Edgar Wright’s Baby Driver is a special kind of film. It’s fast, fun, thrilling, hilarious, and never too much of any one thing to prevent others from shining through. It exists in an almost perfect state of suspension, smoothly shifting gears between chase scenes, character building moments, and comedy-driven conversations throughout.
Baby (Ansel Elgort) is a getaway driver, though one unlike any other. He has tinnitus stemming from an accident in his childhood, which means he’s listening to music just about 100% of the time. It’s a unique character quirk, but it’s also a great excuse for Edgar Wright to give Baby Driver a soundtrack filled with one killer track after another.
Baby Driver kicks off with a massive jolt of adrenaline thanks to a bank robbery set piece featuring Baby, Buddy (Jon Hamm), Darling (Eiza Gonzalez), and Griff (the criminally underused Jon Bernthal). It’s the first of many thrilling chase sequences, and it’s the first indicator that action is just as important as any other element in Baby Driver. After a pulse-pounding sequence, the quartet eventually arrive at their home base, where Doc (Kevin Spacey) splits up the loot among those involved.
It’s at this point that viewers learn about Baby’s motivation for doing this at all—he owes Doc for… something? This part of the backstory is a little thin, to say the least, but it works in the moment. Things really kick into gear at this point, with Baby getting pleas to get out of the criminal world from his deaf foster father Joseph (CJ Jones) and falling quickly into young love with a waitress named Debora (Lily James). Baby’s next job for Doc is supposed to be his last one—yeah, right—and it gets a lot more complicated thanks to the distrusting, aggressive Bats (Jamie Foxx).
Each of these pieces exists in concert with the others, and they work together to paint a picture of Baby as an enigmatic kid who cares deeply, carries a strong moral compass (despite his profession), and really, really loves music. A lot. To the point that he carries multiple iPods loaded with different types of music. The subplots merge with the main plot as Baby gets dragged back in for another job that eventually endangers everyone he cares about, and every element of Baby Driver is kicked up a notch or three as the film barrels toward its conclusion.
Baby Driver is a film that could have only been made by Edgar Wright. He has a singular voice that’s not quite like anyone else in the industry, and it shines throughout Baby Driver‘s near non-stop 113 minutes. Every scene is infused with the film’s disparate tonal elements, and its laugh out loud moments fit right in with its white-knuckled, edge of your seat chase sequences in a way that just works. And it works even better thanks to its interesting, enigmatic central character.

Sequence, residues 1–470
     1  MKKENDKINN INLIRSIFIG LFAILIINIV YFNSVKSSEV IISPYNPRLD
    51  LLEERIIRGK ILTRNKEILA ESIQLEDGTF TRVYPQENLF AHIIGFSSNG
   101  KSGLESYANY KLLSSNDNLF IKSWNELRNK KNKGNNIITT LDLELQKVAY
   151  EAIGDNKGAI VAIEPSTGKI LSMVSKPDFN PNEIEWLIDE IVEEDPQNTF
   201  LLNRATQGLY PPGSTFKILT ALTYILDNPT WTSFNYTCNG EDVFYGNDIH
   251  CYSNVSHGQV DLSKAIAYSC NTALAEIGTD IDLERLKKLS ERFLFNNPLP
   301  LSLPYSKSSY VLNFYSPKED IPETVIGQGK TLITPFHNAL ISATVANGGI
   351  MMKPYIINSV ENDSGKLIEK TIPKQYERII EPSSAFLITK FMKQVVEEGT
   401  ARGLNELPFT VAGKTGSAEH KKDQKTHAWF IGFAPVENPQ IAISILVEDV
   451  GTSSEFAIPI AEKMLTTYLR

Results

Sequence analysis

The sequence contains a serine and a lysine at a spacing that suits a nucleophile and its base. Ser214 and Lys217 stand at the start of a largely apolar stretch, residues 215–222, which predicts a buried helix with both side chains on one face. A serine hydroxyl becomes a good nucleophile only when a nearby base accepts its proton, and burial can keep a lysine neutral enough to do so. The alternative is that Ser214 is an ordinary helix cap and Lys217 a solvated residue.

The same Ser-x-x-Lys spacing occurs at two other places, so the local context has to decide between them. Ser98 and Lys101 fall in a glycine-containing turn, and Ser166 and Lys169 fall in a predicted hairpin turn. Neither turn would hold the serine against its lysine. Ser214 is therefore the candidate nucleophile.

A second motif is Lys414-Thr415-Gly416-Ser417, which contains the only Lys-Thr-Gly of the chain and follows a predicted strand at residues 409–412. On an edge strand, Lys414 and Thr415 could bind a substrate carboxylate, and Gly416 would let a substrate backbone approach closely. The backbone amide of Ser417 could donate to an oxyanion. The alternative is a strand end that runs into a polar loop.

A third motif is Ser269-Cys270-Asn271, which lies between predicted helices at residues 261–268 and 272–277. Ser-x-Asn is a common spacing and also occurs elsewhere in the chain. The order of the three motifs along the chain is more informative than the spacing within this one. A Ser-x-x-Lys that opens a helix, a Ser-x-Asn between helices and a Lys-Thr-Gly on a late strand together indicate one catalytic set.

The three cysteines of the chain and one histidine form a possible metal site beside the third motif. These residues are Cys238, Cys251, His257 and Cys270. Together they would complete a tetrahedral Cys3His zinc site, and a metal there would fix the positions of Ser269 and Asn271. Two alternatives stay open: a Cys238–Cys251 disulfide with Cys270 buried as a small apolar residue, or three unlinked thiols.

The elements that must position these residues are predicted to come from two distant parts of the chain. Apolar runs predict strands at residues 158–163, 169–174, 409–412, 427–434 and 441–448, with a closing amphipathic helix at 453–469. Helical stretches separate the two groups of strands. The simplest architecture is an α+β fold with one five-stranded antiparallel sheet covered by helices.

Baby doesn’t talk much, but he’s a deeply funny and entertaining character to watch. He doesn’t seem to care about much, but it quickly becomes clear just how deeply he cares—about people close to him and about near strangers, and especially about his music. Ansel Elgort plays Baby’s aloofness to perfection, carefully keeping anyone and everyone at a distance from some other part of his life. That aloofness disappears as Baby finally takes action for himself late in the movie, and Elgort plays Baby’s unique blend of urgency and action just as well.
The supporting cast is top-notch as well, particularly Jon Hamm’s varied Buddy and Jamie Foxx’s always on, always darkly hilarious Bats. The characters would be entertaining on their own, but throwing them together and alongside Baby makes for some seriously entertaining moments, both in Baby Driver‘s lighter, funnier moments and in its most tense action sequences—both of which are plentiful throughout the film.
Baby Driver‘s action set pieces and chase sequences are shot beautifully, with viewers never at a loss for what’s happening or where everything’s taking place despite the ground covered and the frantic nature of every escape. The driving on display is thrilling, and everything is simply beautiful to watch—and listen to. The movie is also one of the funniest in recent years, with misunderstandings and mismatched characters providing doses of laughter at just the right times.
Baby Driver isn’t the deepest movie of the year, but it might be the most fun. It’s a unique film unlike anything else out there, and it deserves to be celebrated for that alone. But it’s also a very good film, one that’s thrilling and hilarious to the core, often at the same time. Add that all up with a killer soundtrack featuring the likes of Queen, T. Rex, Young MC and many, many more and you’ve got a must-see movie for this summer—or any other time.